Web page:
1:00 pm ET | 12:00 pm CT | 11:00 am MT | 10:00 am PT
Reduce Your Clients’ Tax Burden through Creative Strategies around QBI Deduction
The most complex and important provision of the Tax Cuts and Jobs Act 2017 is the new Qualified Business Income Deduction (QBID) called the Section 199A 20% deduction for pass-through entities – such as partnerships, LLCs, S-corporations, and some trusts and estates. The QBI deduction provides big tax breaks for many businesses, but there is uncertainty regarding interpretation and implementation, as the IRS may take some time before providing meaningful guidance. As a practitioner, you need to know exactly how Section 199A works, so that your clients can take advantage of the awesome opportunities this provision offers.
Learn from tax expert Vicki L. Mulak, EA, CFP® how to reduce your tax burden through creative strategies around the QBI deduction. Mulak will get you up to speed with the terminology associated with the Section 199A deduction, and teach you how to calculate deductions in a range of scenarios – including how to calculate phase-outs for Specified Service Trades or Businesses (SSTBs) and non-SSTBs. You will learn how the deduction could impact entity choice planning, understand the gray areas of the regulation, and know how to help your clients take advantage of the tremendous opportunities the provision offers.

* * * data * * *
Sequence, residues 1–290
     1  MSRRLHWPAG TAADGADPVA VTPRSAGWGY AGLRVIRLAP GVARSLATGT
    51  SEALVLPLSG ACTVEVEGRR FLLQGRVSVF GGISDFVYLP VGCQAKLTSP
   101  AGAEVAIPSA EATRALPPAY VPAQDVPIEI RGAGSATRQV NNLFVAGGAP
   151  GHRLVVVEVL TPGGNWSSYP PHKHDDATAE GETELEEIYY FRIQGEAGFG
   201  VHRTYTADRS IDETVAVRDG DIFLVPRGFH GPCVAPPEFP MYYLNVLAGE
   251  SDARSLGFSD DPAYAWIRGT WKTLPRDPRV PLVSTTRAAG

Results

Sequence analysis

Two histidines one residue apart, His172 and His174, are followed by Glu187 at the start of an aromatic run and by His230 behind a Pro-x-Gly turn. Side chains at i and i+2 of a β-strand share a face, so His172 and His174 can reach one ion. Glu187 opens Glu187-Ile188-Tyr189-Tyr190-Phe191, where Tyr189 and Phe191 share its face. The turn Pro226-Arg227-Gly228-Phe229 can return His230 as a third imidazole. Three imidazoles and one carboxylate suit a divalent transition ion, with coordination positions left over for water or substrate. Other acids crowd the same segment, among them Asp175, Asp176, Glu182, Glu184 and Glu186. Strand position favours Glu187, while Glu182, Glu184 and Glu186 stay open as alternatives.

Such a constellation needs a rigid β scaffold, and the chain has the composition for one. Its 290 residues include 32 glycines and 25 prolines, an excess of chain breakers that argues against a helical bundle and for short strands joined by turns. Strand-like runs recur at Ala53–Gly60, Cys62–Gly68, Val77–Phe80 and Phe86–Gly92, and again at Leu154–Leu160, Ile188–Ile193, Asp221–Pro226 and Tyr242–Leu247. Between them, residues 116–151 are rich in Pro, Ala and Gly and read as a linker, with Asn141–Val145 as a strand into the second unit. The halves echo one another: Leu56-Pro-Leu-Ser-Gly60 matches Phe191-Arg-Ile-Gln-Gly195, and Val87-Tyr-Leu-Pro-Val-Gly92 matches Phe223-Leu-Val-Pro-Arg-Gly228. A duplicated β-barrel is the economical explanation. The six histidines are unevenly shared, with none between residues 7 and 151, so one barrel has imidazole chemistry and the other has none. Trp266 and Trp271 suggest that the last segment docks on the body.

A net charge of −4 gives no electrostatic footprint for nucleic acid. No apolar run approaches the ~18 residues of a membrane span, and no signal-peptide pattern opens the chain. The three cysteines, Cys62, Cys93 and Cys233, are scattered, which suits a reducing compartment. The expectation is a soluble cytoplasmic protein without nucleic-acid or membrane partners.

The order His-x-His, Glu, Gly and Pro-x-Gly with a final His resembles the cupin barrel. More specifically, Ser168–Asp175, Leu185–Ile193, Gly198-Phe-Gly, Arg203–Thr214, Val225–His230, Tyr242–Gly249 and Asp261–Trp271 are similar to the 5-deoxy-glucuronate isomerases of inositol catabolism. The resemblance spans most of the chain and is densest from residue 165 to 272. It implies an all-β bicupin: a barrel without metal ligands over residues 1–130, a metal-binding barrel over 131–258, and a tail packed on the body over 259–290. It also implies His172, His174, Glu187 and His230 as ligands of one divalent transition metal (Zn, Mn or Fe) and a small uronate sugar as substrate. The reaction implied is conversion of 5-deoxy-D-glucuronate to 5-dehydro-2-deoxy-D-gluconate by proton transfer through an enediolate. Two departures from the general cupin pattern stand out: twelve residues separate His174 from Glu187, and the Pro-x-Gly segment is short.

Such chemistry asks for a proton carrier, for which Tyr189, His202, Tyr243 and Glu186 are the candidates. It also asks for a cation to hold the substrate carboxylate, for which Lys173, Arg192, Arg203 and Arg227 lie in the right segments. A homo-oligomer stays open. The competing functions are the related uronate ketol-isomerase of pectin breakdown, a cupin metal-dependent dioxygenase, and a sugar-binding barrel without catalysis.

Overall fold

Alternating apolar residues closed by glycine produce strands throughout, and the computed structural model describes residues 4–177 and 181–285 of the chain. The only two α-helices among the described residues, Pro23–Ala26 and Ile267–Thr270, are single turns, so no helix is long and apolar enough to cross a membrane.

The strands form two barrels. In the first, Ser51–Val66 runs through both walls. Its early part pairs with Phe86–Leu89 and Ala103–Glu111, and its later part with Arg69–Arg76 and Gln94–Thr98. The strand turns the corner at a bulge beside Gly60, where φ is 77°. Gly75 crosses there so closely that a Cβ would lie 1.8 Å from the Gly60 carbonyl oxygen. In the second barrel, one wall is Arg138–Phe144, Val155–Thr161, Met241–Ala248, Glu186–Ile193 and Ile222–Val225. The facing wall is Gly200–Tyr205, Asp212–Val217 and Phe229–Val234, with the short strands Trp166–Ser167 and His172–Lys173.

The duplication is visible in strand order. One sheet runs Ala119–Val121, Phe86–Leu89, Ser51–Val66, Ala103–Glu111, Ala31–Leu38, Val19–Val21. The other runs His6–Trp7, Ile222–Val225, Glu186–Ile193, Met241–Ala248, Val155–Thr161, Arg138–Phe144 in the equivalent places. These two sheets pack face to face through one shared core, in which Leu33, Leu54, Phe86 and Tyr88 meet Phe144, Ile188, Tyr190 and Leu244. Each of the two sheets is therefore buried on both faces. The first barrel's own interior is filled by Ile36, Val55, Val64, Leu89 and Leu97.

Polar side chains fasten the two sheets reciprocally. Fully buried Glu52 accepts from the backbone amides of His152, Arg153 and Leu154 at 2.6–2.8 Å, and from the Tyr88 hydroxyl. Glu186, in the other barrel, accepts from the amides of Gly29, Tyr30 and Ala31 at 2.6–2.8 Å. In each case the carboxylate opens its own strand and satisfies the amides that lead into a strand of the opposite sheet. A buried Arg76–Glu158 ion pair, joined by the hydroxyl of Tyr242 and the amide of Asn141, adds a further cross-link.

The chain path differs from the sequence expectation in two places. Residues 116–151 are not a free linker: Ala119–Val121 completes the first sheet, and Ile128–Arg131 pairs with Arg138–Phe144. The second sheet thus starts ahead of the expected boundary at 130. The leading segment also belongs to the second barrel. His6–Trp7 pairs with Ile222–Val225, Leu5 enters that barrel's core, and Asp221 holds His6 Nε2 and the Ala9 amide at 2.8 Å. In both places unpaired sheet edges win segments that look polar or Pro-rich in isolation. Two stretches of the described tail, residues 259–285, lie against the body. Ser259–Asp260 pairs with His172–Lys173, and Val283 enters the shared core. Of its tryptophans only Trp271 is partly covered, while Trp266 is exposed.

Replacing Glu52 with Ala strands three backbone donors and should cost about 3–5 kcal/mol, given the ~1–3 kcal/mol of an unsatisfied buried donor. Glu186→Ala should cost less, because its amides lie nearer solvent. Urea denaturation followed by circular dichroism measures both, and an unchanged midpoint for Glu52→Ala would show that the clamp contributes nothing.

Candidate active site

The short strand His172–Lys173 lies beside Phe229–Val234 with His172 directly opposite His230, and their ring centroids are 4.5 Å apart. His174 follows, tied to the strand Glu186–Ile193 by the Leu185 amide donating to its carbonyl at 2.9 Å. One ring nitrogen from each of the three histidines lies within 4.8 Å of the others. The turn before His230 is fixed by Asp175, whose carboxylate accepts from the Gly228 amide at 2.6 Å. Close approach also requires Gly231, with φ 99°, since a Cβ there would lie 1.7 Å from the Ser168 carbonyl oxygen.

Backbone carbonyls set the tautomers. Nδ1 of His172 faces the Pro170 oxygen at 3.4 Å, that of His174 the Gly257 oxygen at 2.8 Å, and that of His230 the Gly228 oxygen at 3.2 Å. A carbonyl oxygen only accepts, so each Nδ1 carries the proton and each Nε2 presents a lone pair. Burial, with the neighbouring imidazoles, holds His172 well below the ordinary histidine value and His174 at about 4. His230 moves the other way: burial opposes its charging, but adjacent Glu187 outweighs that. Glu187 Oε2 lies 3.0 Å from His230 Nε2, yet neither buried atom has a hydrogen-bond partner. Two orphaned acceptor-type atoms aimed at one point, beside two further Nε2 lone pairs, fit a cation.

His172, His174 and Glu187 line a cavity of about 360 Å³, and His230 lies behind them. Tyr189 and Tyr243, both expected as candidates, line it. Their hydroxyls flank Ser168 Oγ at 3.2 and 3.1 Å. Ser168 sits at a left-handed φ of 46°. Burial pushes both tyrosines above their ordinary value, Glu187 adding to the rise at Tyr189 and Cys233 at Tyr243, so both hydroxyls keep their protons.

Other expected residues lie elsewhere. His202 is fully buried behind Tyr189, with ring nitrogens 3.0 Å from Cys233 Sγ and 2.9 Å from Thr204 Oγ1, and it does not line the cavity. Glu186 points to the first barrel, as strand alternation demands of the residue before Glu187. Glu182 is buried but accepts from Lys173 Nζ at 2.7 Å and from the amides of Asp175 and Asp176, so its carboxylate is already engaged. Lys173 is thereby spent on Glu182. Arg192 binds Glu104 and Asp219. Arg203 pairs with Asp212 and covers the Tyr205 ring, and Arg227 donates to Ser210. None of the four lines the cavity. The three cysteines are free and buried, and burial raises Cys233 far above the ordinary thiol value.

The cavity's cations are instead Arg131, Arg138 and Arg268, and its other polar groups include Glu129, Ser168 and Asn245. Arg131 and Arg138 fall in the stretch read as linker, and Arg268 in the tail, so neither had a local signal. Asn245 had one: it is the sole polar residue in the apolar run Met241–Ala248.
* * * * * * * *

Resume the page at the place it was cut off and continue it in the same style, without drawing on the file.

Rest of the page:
After attending this webinar, you will clearly understand how to calculate Section 199A deductions, and know how to reduce your clients’ tax burden.
Here is a taste of what you will uncover:
Understand the terminology associated with the deduction such as “reduction ratio”, “applicable percentage”, etc.
How the phase-outs are calculated for Specified Service Trades or Businesses (SSTBs) as well as non-SSTBs
How the Section 199A deduction could impact entity choice planning
Vicki L. Mulak is an Enrolled Agent and Certified Financial Planner (CFP) and owner of American Financial and Tax, a tax preparation, planning and representation firm, which was founded in Tustin, California in 1985, when Vicki became both a resident and a business owner.